These are the scenarios that dealers are uncovering as they use Provision ProfitTime to help guide their appraisal process for auction and trade-in vehicles.

ProfitTime tells dealers three important things about every vehicle at appraisal—its market appeal as expressed by an A-F letter grade, a Strategy Action that indicates whether you need the vehicle or don’t, and the vehicle’s investment value based on ProfitTime’s 1-12 scale (1-3, Bronze; 4-6, Silver; 7-9, Gold; 10-12, Platinum).

Dealers say this trifecta of information is helping appraisers make more objective and on-the-money decisions.

“We found who shouldn’t be appraising cars,” says Steve Jackson, used vehicle director for Lansing, Mich.-based Shaheen Chevrolet, which retails around 190 used vehicles a month.

“We determined that maybe we should just have appraisers go in with facts, not emotion,” Jackson continues. “ProfitTime takes the emotion right out of it.”

Jackson says the ProfitTime appraisal application has led to deeper, and more frequent discussions about how they’re appraising vehicles, and why they miss some units. The effort’s paying off.

“The cars I take in, now, we’re at least taking them in right,” he says. “The best thing for me is that on Day 1, right away, I know what I’m going to do with that car and how to price it. It works, and the proof’s in the pudding. Since we’ve been using ProfitTime, our turn on our Bronze vehicles has gone up dramatically.”

Trent Waybright, vice president of pre-owned operations for the six-store Kelley Automotive Group, Fort Wayne, Ind., says ProfitTime is helping his appraisers see vehicles as they are, not what they might want them to be.

“The natural tendency of a manager at the store level, when they’re looking at an appraisal, is to stay away from anything that looks negative,” Waybright says. “Understandably, they want to make the deal. We’re learning that with some vehicles, it just is what it is.”

Waybright adds that more investment-astute appraisals have helped improve the percentages of Silver and Gold vehicles in their inventories. “To me, that’s a result of people in the showrooms buying in. They are putting the right money into the cars,” he says.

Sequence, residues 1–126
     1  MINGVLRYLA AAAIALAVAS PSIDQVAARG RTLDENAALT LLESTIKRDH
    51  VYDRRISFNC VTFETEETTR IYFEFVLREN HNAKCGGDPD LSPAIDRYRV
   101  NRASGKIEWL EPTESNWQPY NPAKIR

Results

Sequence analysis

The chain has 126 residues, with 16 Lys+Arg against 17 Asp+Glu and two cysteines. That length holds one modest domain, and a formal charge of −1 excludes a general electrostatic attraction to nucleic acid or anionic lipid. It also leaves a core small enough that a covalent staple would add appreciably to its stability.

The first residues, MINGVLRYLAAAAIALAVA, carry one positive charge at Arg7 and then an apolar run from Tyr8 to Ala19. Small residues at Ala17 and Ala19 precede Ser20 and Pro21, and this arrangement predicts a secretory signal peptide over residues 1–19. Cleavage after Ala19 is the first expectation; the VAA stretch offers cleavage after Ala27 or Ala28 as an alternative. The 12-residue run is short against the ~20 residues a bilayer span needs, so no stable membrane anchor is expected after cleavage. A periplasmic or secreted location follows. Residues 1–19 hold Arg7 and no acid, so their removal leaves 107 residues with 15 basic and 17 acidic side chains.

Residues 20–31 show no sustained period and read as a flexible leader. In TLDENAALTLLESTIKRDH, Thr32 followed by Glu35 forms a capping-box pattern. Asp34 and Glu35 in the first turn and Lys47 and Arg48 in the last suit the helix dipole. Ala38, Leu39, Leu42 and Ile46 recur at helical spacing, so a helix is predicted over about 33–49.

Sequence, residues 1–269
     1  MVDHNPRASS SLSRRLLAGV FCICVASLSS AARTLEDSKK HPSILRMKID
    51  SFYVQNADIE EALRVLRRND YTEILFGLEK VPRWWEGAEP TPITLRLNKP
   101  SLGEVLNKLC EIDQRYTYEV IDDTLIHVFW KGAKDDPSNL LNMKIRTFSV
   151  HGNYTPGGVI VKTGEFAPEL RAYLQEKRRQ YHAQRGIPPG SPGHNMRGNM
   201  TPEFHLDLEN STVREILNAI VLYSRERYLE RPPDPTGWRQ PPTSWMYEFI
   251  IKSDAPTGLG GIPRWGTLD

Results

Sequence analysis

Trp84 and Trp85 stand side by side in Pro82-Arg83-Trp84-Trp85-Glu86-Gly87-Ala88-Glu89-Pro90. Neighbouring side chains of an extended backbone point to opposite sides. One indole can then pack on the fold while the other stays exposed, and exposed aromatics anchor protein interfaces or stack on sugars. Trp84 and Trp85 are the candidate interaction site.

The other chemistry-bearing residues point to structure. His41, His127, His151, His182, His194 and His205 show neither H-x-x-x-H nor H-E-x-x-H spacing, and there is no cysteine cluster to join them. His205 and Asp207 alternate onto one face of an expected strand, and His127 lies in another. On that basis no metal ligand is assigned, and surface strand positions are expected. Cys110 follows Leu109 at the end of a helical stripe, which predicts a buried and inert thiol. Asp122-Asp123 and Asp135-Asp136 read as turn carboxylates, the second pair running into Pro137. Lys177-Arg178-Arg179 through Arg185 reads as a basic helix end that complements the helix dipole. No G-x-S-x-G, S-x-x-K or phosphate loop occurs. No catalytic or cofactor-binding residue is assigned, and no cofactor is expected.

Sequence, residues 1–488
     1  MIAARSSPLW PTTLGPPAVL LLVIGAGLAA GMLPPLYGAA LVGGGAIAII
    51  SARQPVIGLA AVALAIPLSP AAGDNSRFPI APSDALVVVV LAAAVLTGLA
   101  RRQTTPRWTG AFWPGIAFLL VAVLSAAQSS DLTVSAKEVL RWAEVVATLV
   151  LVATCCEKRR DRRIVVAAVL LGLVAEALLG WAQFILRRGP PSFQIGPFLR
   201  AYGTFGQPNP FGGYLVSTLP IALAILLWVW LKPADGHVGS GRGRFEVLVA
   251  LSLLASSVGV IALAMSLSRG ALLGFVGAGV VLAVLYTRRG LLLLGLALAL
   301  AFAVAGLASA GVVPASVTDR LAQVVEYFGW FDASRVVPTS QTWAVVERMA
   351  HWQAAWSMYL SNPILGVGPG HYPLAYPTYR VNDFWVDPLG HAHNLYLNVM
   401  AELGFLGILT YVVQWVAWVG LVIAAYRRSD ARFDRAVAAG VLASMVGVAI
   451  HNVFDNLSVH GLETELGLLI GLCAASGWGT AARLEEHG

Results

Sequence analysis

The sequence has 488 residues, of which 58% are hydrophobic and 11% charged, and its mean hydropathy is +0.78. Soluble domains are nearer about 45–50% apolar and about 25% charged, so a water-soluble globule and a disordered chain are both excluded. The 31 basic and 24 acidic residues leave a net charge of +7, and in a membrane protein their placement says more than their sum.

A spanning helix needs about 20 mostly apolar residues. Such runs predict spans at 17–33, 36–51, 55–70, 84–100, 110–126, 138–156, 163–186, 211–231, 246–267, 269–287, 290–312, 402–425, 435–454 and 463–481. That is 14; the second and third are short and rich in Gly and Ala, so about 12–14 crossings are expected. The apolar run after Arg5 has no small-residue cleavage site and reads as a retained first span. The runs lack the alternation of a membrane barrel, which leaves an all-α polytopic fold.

I’ve long stated that today’s car business is a game of inches, and success goes to dealers who look for, and pursue, opportunities for incremental advantage.

Based on what I’m hearing from ProfitTime dealers, it seems that there’s at least some incremental advantage waiting, untapped, in the way they appraise auction and trade-in units.

Perhaps best of all, this incremental advantage is now easier to find and address.

Note: In my next ProfitTime in Practice post, we’ll examine why appraisals on auction vehicles, not trade-ins, offer the best opportunity to engineer your inventory’s investment value. 


Note: The following is the first in what I intend to be an ongoing series that details best practices, key insights, lessons learned and retail results of dealers who are putting ProfitTime into practice at their stores.

There are typically two pricing hurdles dealers face right away when they implement Provision ProfitTime.

The hurdles aren’t easy to overcome. But, once dealers get past them, the pain they may endure quickly turns to opportunity.

Hurdle 1: Pricing the disproportionate share of distressed, often aged, vehicles in their inventories appropriately to the market and an individual unit’s investment value.

Hurdle 2: Pricing their best investments less aggressively to take advantage of the fact that they can afford to give these vehicles more time on the market.

Some quick background: In ProfitTime parlance, the first hurdle addresses Bronze vehicles that typically make up about 45 percent or more of a dealer’s inventory. The ProfitTime system measures these vehicles’ individual investment values by combining the Cost to Market ratio, like-mine Market Days Supply and recent sales volume to determine a score. In ProfitTime, Bronze vehicles are the lowest investment class. They earn scores of 1 to 3 on the system’s 12-point scale.

The second hurdle pertains to inventory ProfitTime determines to be Platinum. These vehicles typically make up between 5 percent and 10 percent of a dealer’s inventory. Platinum vehicles earn scores between 10 to 12, and represent the units that offer the highest appeal and profit potential for dealers.

Dealers become aware of these hurdles quickly as they view their inventories through ProfitTime’s investment value lens.

They immediately spot what I’ve come to call an “investment value inversion”—wherein dealers have priced their Platinum vehicles, or their best investments, most aggressively, and priced their Bronze vehicles, their worst investments, most proudly.

Let’s address the hurdles, and the opportunities they represent, respectively:

“I thought, ‘Boy, I’ve got an awful lot of Bronze vehicles,’” says dealer Jim Blickle of Performance Toyota, Sinking Spring, PA, when he first turned on ProfitTime at his store, which retails about 100 used vehicles a month.